Take time to acknowledge, hone, and grow your strengths, the aspects of your job that you love doing. Do more of them. Instead of constantly browbeating yourself and focusing on the aspects of your professional life that you suck at and don’t do well, take some time to improve the things that you’re already good at and enjoy doing. This will lead to a greater sense of job satisfaction for you and a greater feeling of success, which will lead to further positive benefits in your work.

Be selfish

Yep, you read that right. Tune into yourself. Focus on yourself. Assess how your emotions play into your leadership style. What are your triggers? What sets you off? What do you find most rewarding about your career? Your life? Taking the time to really reflect on your personality traits (both the good and the bad) will help you recognize how those traits affect your leadership style. 

Get to know your team

Along with getting to know yourself, we can’t stress the importance of getting to know your team enough. These are the people who support you in all you do. Without them, your company and your livelihood don’t exist.

One of the most authentic things you can do as a leader is to show your team that you’re genuinely interested in them as people. What are their values? Their fears? Their motivating factors? Their challenges? Their successes?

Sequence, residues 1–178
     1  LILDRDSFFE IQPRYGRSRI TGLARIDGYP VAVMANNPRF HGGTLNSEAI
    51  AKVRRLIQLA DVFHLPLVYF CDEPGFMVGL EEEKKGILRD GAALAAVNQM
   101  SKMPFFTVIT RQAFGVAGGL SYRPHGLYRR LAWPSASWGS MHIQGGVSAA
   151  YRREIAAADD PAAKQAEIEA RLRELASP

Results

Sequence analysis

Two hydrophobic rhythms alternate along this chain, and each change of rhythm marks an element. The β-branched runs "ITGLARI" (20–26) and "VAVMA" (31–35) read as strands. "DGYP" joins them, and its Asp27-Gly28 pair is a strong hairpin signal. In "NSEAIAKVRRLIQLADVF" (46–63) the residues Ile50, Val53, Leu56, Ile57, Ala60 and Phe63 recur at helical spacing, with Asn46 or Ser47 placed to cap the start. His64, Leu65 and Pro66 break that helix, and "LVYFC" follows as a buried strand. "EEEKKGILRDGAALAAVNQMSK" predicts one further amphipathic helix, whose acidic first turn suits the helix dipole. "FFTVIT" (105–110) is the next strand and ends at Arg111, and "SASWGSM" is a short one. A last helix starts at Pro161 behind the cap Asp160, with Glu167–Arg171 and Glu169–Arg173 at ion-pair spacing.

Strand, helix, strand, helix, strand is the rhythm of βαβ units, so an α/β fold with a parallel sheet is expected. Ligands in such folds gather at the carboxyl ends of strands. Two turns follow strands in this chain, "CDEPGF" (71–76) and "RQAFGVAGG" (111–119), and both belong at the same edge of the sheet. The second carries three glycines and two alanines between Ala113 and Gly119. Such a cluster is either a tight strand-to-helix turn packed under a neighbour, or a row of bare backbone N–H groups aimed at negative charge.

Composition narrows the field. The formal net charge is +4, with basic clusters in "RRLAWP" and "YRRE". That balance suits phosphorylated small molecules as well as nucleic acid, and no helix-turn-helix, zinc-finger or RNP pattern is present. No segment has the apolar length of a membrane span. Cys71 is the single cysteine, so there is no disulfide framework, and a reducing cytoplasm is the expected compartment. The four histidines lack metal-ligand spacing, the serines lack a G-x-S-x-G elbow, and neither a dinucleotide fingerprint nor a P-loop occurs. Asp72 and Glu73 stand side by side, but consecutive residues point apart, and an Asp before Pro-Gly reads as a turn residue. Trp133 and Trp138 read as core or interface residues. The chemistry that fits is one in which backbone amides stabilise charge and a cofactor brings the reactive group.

Spending time learning your team will save you so much time training a new team since your legitimate interest in them will just naturally lead to lower turnover rates.

Have an accountability partner

A great way to ensure that you’re being true to yourself and your values is to enlist the help of an accountability partner—someone at work and someone at home who will call you out on your sh…inconsistencies. Having a person in your corner who isn’t afraid to let you know when you’re not being an authentic leader can be very eye-opening. Humbling also, so be prepared for that.

Take off your professional “mask”

Once you begin to exude and emulate your true values and traits as a leader, you’ll see almost immediate results. Your energy will be higher and more positive. Pretending to be someone you aren’t gets exhausting quickly, so once you stop doing that and acknowledge who you truly are as a leader, you’ll feel like a weight has been lifted off of you. 

This will then create a snowball effect of better energy, optimism, and enthusiasm that will lead to better and better results in the workplace. Improved corporate culture, engaged employees, and better inner balance are just a few of the amazing benefits you’ll enjoy once you become a truly authentic leader.

Authentic Leadership Toolkit
A clickable guide to some of our recommended FREE tools! These are an excellent way to start your personal journey to becoming an authentic leader.


  1. Orville Green

    An interesting discussion is definitely worth comment. There’s no doubt that that you ought to publish more on this issue, it may not be a taboo matter but generally folks don’t discuss these topics. To the next! Kind regards!!

    • Melissa Fackler

      Orville, we completely agree, and actually have a lot to say regarding things that many people don’t like to discuss in the workplace, but are so beneficial to the team! Please make sure you have subscribed so that our “Ideas” are emailed directly to you and we can continue these conversations!